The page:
There are only two occasions in which City have lost more than seven consecutive league games. In the 1924-25 relegation season from Division Two they lost eight in a row between early November and early January including heavy away defeats at Hull (1-4), Derby (1-5) and South Shields (1-4). The record run however was set in 1919-20 when City lost their first nine games after joining the Football League Division Two. The run, which commenced with a 5-0 opening day home defeat to Tottenham was:

Aug 30 Tottenham (h) 0-5
Sept 3 Leeds City (a) 0-3
Sept 6 Tottenham (a) 1-4
Sept 11 Leeds City (h) 0-4
Sept 13 Birmingham (a) 1-4
Sept 20 Birmingham (h) 1-3
Sept 27 Leicester (a) 0-1
Oct 4 Leicester (h) 1-2
Oct 11 Fulham (h) 0-1

Manager Will Clayton was sacked after the loss at Filbert Street and secretary Harry Harbourne took over in a caretaker capacity with the board of directors selecting the team until 22nd November when new boss Harry Pollitt arrived.

One of the most interesting stats from Thursday night was given to me by fellow historian Geoff Moore. Amongst other things he tracks players who have appeared at the Ricoh and tells me that Blades' substitute Leon Clarke set a record by appearing for his seventh different club at the stadium. He first played against the Sky Blues for Wolves at Highfield Road in 2004 and scored in a 2-2 draw. His first appearance at the Ricoh was in 2006 for Wolves then in 2010 he played there for Sheffield Wednesday and the following season he was in QPR colours as a substitute. In November 2012 he scored twice for Scunthorpe before joining City in January 2013. Since leaving City he appeared for Bury in the 6-0 hammering last season and on Thursday night took his total to seven as a brief substitute. Clarke, now aged 31, has played for seventeen different clubs, a number of them in more than one spell and according to Geoff has played for ten of the current League One clubs.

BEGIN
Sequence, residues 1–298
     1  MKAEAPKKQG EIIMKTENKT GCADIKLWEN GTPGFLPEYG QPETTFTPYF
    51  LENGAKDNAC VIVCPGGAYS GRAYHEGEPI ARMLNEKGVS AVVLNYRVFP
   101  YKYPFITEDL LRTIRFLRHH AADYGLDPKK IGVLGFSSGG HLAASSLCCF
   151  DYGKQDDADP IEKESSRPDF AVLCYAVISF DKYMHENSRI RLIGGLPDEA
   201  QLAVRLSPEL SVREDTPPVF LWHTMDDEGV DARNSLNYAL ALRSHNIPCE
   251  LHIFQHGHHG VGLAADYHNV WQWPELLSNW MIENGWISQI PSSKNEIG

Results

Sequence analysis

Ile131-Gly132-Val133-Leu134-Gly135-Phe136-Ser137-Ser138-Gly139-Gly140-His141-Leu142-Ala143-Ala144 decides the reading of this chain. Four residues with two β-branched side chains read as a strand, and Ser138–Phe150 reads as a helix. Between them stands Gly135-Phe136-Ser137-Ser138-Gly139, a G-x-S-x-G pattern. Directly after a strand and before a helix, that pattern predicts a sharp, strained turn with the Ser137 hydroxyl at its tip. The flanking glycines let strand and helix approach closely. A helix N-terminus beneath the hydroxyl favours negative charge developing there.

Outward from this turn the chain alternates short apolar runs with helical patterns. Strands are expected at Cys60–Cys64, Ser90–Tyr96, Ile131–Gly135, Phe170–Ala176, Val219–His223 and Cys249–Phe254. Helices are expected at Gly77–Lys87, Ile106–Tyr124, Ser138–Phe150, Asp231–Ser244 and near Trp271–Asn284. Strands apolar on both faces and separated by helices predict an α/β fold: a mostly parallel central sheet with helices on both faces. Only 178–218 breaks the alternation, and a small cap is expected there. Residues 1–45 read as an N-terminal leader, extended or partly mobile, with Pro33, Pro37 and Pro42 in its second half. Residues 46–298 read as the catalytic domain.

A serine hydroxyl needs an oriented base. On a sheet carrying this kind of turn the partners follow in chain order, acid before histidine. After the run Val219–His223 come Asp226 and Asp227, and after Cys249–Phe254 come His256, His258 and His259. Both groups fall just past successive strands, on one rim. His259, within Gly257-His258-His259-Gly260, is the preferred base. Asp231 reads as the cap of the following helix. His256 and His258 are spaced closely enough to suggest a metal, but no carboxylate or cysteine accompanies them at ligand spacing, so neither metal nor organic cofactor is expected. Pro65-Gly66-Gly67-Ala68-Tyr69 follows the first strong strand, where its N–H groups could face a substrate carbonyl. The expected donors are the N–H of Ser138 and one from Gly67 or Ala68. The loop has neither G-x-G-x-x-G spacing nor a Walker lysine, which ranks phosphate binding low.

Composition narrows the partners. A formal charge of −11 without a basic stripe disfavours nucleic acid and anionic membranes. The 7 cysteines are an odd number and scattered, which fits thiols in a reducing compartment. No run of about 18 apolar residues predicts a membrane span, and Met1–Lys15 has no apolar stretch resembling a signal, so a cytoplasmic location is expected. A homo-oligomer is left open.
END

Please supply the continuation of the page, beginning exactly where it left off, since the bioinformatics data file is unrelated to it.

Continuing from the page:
Billy Sharp, who scored both Blades' goals in Thursday's game has now netted eight goals in nine games against the Sky Blues with four of them on live television. He netted in City's 0-4 defeat at Southampton in their final game in the Championship in 2012 and a header at Bramall Lane a year ago before Thursday's brace.



Sunday, 11 December 2016

Jim's column 10.12.2016

Coventry City's miserable season hit another low on Sunday as they capitulated to League Two Cambridge United in their FA Cup clash. For the third season running the Sky Blues have been knocked out of the competition by a club from a lower status; Cambridge following Worcester City and Northampton Town as David's to City's Goliath. Few City fans travelled with confidence but the size of the defeat, 4-0, was a shock, being the club's heaviest loss to a lower status club since they first entered the Cup in 1895. Before Sunday City had lost only once by more than two goals to a lesser club – in 1922 as a Division 2 side they were defeated 3-0 at New Brighton from the Lancashire Combination in the equivalent of the First Round.

Another record set on Sunday was the four goals by Cambridge's Luke Berry – the first man to score four against the club in an FA Cup game. Berry has never been a prolific scorer – in 2014-15 he made 31 appearances for Barnsley and scored once – but it was a day to remember for him on Sunday. Berry is only the fourth opposition player to score four in a game since the war, the others being:-